Demand Forecasting Models for Urban Goods Movements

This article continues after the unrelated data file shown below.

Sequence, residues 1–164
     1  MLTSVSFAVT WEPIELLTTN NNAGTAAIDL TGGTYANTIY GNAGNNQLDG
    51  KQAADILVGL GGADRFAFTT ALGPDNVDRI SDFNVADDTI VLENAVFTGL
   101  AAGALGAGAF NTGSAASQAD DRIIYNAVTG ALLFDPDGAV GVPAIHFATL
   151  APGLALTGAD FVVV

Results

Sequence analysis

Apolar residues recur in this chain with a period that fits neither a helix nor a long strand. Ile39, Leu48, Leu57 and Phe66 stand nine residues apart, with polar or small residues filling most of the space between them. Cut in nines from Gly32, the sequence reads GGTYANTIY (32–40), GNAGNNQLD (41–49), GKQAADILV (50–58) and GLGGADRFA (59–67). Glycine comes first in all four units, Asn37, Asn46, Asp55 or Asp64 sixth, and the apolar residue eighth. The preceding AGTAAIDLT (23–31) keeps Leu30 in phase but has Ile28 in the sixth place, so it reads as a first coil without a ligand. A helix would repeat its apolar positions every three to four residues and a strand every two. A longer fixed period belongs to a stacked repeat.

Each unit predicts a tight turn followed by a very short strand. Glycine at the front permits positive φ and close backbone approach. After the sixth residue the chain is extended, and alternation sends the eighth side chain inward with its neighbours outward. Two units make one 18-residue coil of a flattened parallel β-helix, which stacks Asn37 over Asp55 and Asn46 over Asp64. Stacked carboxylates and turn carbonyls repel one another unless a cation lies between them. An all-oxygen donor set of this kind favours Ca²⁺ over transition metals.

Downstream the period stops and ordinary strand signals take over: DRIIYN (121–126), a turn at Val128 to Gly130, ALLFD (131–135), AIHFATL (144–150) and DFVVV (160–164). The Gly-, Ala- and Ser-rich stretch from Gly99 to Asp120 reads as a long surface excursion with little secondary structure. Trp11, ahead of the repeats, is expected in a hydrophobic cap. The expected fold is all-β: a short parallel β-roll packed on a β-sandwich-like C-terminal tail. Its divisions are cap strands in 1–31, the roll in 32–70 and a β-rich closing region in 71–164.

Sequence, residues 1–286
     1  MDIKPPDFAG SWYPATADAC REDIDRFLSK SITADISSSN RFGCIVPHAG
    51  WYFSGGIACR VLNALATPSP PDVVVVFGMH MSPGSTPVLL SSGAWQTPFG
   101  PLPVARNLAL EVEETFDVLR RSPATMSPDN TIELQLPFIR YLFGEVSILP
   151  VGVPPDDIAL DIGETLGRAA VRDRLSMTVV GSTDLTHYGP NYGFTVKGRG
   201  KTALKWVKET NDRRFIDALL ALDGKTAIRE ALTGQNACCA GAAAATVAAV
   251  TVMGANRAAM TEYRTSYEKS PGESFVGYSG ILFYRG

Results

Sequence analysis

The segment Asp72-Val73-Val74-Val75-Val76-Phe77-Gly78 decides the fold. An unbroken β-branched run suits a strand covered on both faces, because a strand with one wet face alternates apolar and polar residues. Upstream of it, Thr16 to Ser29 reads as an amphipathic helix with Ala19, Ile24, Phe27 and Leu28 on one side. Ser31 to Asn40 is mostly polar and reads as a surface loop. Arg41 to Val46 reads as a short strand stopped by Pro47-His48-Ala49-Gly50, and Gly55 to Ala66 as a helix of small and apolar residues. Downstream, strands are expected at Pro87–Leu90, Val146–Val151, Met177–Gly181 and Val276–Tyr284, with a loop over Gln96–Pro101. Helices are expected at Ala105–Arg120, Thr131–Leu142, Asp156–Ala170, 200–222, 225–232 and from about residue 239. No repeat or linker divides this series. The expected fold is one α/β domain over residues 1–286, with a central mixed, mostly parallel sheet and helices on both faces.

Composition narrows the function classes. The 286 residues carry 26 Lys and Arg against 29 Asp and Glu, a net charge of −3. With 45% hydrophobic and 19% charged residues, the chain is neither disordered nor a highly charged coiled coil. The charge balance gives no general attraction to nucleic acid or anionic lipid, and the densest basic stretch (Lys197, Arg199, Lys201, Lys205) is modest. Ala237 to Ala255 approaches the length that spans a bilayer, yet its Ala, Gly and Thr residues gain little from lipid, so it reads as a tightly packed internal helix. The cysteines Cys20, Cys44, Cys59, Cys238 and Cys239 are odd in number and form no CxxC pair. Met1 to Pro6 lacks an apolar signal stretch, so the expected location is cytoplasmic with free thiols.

AbstractIn order to reduce the impacts of freight transport, Public Administration usually implements city logistics scenarios, whose effects have to be evaluated by using ex-ante assessment procedures. This paper proposes the state-of-the-art of models for the prediction of urban goods movements, which have been developed to support the above ex-ante assessment. Aiming at preserving the economic sustainability of the businesses located in the city and, at the same time, the environmental quality, the new challenge of urban traffic management is the optimization of the access of a large number of trucks and vans delivering goods in the urban area. Thus, the availability of a reliable tool for ex-ante assessment plays a key role in the decision making processes. Starting from the structure of urban goods distribution and its critical states, this paper identifies the decision-makers, whose choices could be influenced by city logistics measures. Furthermore, considering the outcomes and goals to be reached by Public Administration, the city logistics measures are also classified. In such way, it is possible to define the decisional processes influenced by city logistics measures, that models have to simulate. The presented modelling system allows us to forecast the OD truck flows within the study area and it consists of two sub-systems: the first related to the demand and the second related to the logistics. The former gives the OD matrices in terms of deliveries; the latter allows to convert the delivery OD flows into truck OD flows. The demand sub-system has been specified as a partial share model. From socio-economic data of the study area, it allows us to estimate the OD matrices in quantity characterized by service type, as well as the OD matrices in deliveries characterized by time slice and vehicle type. The logistic sub-system allows to estimate the OD matrices in vehicles. The modelling framework consists of two models that allow us to reproduce the commercial vehicle tours within the urban area. The former model gives the distribution of tours per number of deliveries; the latter gives the probability to choose the following destination for the next delivery.
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